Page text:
Appalachian Trail Part 1: Injury Prevention

I’ve been an athlete my entire life. Started team sports in 5th grade with my go-to favorite, basketball, and played until graduating from high school. I also participated in soccer, track & field, and even, to my mother’s chagrin, a year of varsity football during my senior year. I think she attended one game, and of course it was the one where I got knocked out cold by the defending safety while running a post route and missing a catchable throw. Dang.

As an adult my main sports have been yoga and running. I’m happiest when my body is moving, sweating, and to some degree, competing. Such activities are the best mental therapy I could ask for.

Fortunately I’ve never had to deal much with injuries. A few stitches here and there, some pulled or strained muscles on occasion, but no regular sideliners to hinder my body’s need for activity. I attribute some of this to luck, but as I’ve gotten older, a lot of my good health has resulted from deliberate and mindful old school injury prevention.

As a young athlete I took my body for granted. My willingness to take physical risks often led to eye-popping highlight reels. The resilience of youth was definitely on my side. It wasn’t until I started doing ultra-distance running that minor tweaks and twinges started making me think about otherwise foreign concepts such as stretching, massage, and visualization.

During one of my million painful trigger point sessions back in 2005, a PT told me, “Tom, you are mentally stronger than you are physically able.” Essentially telling me that no matter what I did, my body was going to take a beating. I interpreted his comment as a challenge. I now believe that most injuries are fully avoidable when proper steps are taken.

On the Appalachian Trail, barring any traumatic or acute injuries resulting from a fall, misstep, or animal attack (gah!), injuries such as chafing, tendinitis, cramping, and foot issues are commonly believed to be par for the course. I disagree! I believe all of these conditions are 100% avoidable.

Let me break it down:

Chafing: Chafing is essentially the result of one body part rubbing against something else (another body part, a piece of clothing or shoe component, etc.) which results in a rug burn sort of irritation at best, or a raw, bleeding, painful open wound at worst. When undertaking long walking/hiking/running days, chafing can occur in the least likely places. Between legs, under arms, and any place a backpack hits are obvious areas for potential chafe. But really, it can happen anywhere there’s even minor rubbing. Every day I’m on the trail, part of my morning ritual is to apply Body Glide (a non-petroleum based skin lubricant) to the following parts: armpits, nipples, feet (toes, ball, heel), and butt crack. The result – zero chafing and zero irritation. One application per day has been sufficient.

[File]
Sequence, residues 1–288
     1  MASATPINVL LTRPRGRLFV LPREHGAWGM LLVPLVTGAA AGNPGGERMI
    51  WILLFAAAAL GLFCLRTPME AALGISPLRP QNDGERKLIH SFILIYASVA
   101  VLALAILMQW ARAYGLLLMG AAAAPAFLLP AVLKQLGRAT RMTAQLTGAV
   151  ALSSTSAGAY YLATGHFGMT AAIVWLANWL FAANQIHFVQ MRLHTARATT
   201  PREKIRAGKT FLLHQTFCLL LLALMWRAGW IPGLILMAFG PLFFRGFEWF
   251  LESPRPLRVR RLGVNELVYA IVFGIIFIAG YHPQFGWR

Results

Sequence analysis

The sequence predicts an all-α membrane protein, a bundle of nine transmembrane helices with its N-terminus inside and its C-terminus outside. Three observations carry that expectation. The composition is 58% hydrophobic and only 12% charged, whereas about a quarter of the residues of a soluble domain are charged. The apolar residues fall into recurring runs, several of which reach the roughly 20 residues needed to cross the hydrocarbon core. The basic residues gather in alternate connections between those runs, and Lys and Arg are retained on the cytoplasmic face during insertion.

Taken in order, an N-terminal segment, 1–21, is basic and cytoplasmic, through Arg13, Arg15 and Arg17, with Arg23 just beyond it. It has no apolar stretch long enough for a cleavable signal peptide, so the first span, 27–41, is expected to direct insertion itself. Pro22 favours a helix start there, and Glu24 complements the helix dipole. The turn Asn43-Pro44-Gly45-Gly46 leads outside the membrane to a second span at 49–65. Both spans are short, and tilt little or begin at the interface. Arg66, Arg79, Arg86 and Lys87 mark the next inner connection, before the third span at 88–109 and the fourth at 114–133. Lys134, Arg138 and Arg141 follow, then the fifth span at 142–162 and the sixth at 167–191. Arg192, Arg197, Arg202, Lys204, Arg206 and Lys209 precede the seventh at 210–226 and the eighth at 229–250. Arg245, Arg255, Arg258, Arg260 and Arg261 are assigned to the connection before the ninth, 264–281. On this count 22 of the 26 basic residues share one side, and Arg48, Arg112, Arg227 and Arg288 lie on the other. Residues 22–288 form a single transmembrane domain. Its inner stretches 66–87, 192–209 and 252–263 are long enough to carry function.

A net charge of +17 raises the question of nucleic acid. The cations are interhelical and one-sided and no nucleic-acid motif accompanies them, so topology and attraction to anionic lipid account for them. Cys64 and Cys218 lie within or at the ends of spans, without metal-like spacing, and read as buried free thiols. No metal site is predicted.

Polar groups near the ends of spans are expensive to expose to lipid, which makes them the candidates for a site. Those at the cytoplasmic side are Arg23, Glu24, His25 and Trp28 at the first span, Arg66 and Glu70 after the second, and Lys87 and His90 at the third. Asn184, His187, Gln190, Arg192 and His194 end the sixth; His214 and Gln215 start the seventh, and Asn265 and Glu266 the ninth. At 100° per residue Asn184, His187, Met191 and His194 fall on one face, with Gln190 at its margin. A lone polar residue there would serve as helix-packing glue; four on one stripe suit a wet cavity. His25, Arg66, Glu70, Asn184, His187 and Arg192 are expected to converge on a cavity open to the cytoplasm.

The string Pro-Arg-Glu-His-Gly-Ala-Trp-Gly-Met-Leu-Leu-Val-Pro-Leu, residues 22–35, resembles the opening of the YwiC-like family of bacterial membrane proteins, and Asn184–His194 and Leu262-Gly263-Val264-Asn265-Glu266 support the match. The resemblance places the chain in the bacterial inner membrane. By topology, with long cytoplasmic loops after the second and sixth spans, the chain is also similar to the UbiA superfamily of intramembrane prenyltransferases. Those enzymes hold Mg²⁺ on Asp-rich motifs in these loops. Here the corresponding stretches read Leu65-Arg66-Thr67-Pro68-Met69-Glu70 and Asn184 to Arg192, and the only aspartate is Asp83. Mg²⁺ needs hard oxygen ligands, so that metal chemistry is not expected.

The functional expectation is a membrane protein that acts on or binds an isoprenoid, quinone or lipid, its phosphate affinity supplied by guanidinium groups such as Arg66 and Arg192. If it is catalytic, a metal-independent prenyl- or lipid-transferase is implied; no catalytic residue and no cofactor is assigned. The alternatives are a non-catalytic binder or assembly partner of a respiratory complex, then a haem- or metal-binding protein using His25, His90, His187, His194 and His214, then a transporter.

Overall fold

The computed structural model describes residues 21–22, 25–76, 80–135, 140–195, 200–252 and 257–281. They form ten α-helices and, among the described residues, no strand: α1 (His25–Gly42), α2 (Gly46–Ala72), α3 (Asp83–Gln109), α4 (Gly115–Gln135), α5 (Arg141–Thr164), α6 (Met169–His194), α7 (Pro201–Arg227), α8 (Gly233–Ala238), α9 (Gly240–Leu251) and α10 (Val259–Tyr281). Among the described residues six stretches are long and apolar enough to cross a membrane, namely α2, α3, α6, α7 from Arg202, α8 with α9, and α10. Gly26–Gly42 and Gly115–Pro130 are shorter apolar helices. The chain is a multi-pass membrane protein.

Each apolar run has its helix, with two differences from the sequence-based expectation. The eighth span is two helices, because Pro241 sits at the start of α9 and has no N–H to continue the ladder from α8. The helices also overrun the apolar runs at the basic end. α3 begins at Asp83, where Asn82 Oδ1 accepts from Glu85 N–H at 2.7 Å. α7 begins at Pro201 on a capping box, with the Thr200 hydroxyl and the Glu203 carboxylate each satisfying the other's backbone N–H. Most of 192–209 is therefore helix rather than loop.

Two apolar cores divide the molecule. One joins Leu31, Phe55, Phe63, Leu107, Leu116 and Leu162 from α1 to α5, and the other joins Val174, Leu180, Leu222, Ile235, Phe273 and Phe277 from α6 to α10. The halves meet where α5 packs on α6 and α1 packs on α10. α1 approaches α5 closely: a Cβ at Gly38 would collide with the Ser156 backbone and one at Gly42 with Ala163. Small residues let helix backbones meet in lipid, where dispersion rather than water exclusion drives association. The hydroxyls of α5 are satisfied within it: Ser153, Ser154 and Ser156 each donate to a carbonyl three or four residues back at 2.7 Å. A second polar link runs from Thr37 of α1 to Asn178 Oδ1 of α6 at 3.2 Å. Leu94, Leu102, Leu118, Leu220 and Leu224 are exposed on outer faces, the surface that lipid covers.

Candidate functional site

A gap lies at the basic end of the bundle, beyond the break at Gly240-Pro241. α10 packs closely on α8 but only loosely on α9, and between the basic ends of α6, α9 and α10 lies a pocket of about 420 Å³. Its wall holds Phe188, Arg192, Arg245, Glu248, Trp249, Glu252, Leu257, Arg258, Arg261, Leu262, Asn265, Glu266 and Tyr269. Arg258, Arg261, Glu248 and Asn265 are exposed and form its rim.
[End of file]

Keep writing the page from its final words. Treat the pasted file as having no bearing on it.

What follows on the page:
Body Glide’s gendering of products is SUPER LAME and for marketing purposes only

Tendinitis: Tendinitis, by definition, is the inflammation of a tendon (a tendon connects muscle to bone and serves to move that bone). Generally speaking, tendinitis results from overuse – the body doing too much, too soon. It may also result from suddenly doing a common activity in a newish way (i.e. shifting from walking on trails to paved roads without much of a “break in”). The body functions best when weening into a new activity. To avoid overuse issues on the AT, I trained a lot in advance. I walked many, many miles around my hometown with a full pack on to simulate, as best I could, a long day on the trails. Of course I couldn’t perfectly mirror the coming demands of the AT, but I did what I could. And it made a difference. Additionally, while on the AT, at beginning and end of each day I spend time stretching out a bit. Long, shallow holds in various positions to increase blood flow to crucial body parts. For the past 2 years I’ve have a daily yoga practice that I continue to adhere to while on the trail.

Cramping: Cramping may not sound like a big deal, but it’s an integral part of the body’s warning system. If a body part cramps, 2 things are likely true: 1) You are dehydrated, and 2) that particular body part is excessively taxed. Cramping is your body’s way of telling you to stop and take care before an actual injury occurs. Cramping tells you to rest, replenish water and salt, stretch out, and/or eat. All or some of these factors may be the culprit for cramping, so it stands to reason that they are also what prevents it from happening in the first place. NOTE: As for staying hydrated – it’s way more than just drinking a bunch of water. When the body sweats, it loses crucial salts and electrolytes that must be replenished. Any rehydration plan must incorporate electrolytes. If it doesn’t, no matter how much water you drink, you may still dehydrate! [Click here to see some serious muscle cramping that resulted from severe dehydration]